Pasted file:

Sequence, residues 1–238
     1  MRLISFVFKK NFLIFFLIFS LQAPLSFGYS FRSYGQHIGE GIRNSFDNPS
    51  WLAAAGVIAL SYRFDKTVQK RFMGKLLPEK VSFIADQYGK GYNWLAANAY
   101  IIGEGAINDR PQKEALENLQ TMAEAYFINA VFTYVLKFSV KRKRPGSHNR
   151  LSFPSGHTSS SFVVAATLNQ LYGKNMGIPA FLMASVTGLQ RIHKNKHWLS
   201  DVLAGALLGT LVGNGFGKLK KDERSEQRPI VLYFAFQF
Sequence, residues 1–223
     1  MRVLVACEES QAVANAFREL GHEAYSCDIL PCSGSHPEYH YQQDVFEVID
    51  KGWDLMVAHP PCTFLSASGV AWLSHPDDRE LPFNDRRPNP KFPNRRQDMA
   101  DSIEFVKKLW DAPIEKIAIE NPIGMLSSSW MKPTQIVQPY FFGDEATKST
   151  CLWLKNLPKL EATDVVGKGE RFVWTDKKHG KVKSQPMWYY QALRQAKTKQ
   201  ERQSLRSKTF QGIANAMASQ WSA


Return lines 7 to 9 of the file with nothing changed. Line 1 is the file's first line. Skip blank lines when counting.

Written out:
Sequence, residues 1–223
     1  MRVLVACEES QAVANAFREL GHEAYSCDIL PCSGSHPEYH YQQDVFEVID
    51  KGWDLMVAHP PCTFLSASGV AWLSHPDDRE LPFNDRRPNP KFPNRRQDMA